With an embarrassed groom as mediator, the bride and the boyfriend battle it out with fists and words. After a short bout, as the wife-to-be (not anymore) turns to the groom demanding explanations, his boyfriend suddenly grabs his wrist and pulls him in a breathless run, with the bride in hot pursuit.
For a transcription of the conversation and the almost unbelievable video, click here.
4) Masked Heroes or Masked Hypocrites? Bribe-Reporting Websites
Corruption has a new enemy in China, and this one is real. Anti-corruption websites have sprouted around the net, giving the opportunity for people to report bribes in numbers and names. China Daily released a report on the recent emergence of one of these websites. Run by a man named Chen, it aims to encourage netizens to discuss any case of bribery they are aware of or witness to.
Be it to report a bribe to the local policeman, informing through pictures of public government figures making outlandish displays of wealth, way over their pay grade, or simply to vent their frustrations at the prevalence of corruption in China, these sites offer an anonymous outlet to fight the phenomenon.
Experts have so far disagreed over the utility of such websites. While some claim them to be no more than congregations of ambiguous information that might also be violating people’s privacy rights, others have adopted a more guarded approach, arguing this internet pressure might discourage people from accepting or giving bribes.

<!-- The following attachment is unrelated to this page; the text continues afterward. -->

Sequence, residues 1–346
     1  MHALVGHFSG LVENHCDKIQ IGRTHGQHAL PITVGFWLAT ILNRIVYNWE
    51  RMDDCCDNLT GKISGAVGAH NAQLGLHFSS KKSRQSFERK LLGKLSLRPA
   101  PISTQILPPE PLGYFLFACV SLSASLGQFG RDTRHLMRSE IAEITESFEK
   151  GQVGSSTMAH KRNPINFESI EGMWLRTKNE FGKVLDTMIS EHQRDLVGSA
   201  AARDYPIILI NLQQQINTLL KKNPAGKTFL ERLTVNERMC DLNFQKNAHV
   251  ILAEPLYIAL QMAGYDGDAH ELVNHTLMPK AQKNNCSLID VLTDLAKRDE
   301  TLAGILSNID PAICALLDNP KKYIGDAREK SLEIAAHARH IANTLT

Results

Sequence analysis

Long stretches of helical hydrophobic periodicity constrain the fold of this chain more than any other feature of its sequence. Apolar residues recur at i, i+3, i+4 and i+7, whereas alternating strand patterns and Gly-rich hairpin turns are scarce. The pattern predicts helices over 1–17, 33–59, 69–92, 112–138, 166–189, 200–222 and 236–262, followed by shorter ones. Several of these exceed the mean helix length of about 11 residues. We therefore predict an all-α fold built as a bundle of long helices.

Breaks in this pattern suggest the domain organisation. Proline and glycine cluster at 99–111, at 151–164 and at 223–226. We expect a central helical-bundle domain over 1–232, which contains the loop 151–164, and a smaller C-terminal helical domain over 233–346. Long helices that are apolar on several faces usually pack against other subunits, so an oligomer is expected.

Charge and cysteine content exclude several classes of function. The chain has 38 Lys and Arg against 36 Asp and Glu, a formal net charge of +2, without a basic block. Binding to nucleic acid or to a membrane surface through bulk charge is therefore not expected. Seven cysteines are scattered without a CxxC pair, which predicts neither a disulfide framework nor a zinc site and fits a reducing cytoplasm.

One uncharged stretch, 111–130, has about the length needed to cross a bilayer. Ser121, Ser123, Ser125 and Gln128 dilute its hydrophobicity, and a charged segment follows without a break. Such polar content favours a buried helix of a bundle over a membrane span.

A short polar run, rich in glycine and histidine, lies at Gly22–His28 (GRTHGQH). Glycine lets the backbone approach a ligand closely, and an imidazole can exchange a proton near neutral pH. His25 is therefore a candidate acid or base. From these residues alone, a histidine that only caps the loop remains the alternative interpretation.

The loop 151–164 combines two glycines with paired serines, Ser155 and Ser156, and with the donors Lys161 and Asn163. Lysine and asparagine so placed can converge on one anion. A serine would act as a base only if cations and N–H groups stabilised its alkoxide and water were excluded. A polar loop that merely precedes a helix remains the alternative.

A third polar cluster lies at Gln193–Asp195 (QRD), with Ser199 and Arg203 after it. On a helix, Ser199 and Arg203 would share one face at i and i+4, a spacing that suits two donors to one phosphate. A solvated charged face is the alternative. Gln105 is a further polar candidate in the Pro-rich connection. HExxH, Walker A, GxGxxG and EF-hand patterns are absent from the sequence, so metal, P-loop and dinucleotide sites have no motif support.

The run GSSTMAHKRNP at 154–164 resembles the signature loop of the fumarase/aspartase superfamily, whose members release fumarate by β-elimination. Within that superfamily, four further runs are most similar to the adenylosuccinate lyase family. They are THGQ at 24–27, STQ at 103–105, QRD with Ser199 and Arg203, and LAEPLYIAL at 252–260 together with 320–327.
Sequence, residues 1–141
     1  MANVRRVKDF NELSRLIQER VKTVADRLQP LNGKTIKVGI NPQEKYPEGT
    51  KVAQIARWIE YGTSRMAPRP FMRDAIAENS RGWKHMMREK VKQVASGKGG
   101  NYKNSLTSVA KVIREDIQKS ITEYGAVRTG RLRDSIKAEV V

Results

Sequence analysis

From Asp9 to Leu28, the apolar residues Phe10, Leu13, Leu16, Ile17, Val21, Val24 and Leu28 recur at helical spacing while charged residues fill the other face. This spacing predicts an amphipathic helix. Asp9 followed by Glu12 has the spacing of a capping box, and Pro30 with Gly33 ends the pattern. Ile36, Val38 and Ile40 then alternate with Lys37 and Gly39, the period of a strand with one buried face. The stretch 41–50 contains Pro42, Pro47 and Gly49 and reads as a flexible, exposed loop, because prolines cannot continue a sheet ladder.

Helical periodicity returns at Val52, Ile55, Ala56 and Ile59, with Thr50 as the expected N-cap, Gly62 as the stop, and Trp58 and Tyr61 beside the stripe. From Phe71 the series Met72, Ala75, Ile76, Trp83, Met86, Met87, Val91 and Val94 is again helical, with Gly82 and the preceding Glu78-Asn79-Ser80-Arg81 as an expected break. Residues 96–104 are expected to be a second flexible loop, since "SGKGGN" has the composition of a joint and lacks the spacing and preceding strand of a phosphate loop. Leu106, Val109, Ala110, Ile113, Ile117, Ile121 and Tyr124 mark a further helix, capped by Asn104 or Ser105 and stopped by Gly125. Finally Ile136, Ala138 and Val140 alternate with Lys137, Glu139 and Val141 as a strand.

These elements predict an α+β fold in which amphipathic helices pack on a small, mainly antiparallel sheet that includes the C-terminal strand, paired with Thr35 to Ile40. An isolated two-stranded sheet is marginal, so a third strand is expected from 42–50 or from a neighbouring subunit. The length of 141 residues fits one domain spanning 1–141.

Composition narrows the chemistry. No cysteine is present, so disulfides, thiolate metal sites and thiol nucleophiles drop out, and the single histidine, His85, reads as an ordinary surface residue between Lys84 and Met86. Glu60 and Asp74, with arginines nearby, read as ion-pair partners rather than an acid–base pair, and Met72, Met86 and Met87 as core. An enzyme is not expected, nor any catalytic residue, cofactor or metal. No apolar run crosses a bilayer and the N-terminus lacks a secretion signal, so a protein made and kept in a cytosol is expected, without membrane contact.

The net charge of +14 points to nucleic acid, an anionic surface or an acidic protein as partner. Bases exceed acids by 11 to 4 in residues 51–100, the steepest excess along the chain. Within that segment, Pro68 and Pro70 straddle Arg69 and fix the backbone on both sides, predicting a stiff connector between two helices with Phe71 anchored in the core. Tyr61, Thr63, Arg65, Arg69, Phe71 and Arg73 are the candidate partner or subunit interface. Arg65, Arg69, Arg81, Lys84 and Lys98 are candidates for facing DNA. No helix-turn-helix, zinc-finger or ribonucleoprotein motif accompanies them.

5) Weibo Strikes Again! Official’s Erotic Convos Out in the Open
The country changes, the story stays the same. Be it (ex-)Congressman Wiener with his career-crushing pictures, or Xia Zhiqiang, director of the Liyang City Health Bureau, with his naïve erotic prose on Weibo, the public is consistently fed sigh-worthy displays of public disgrace. Granted, the Chinese story lacks its American counterpart’s level of drama and denouement, but at the rate things are going, we’re hopeful.
Xia, passing himself off as Weileni5123, was new to the microblogging program, and was under the mistaken belief the erotic conversations he was having with a married woman online were just between the two of them. They weren’t. Declarations of love, prurient remarks that a relationship was never complete without physical contact, and feverish words of ‘the sacred moment’ to come this Monday were shared with thousands of curious Weibo users.
How was his identity unveiled, you ask? Xia had cleverly chosen a headshot of himself as his profile picture.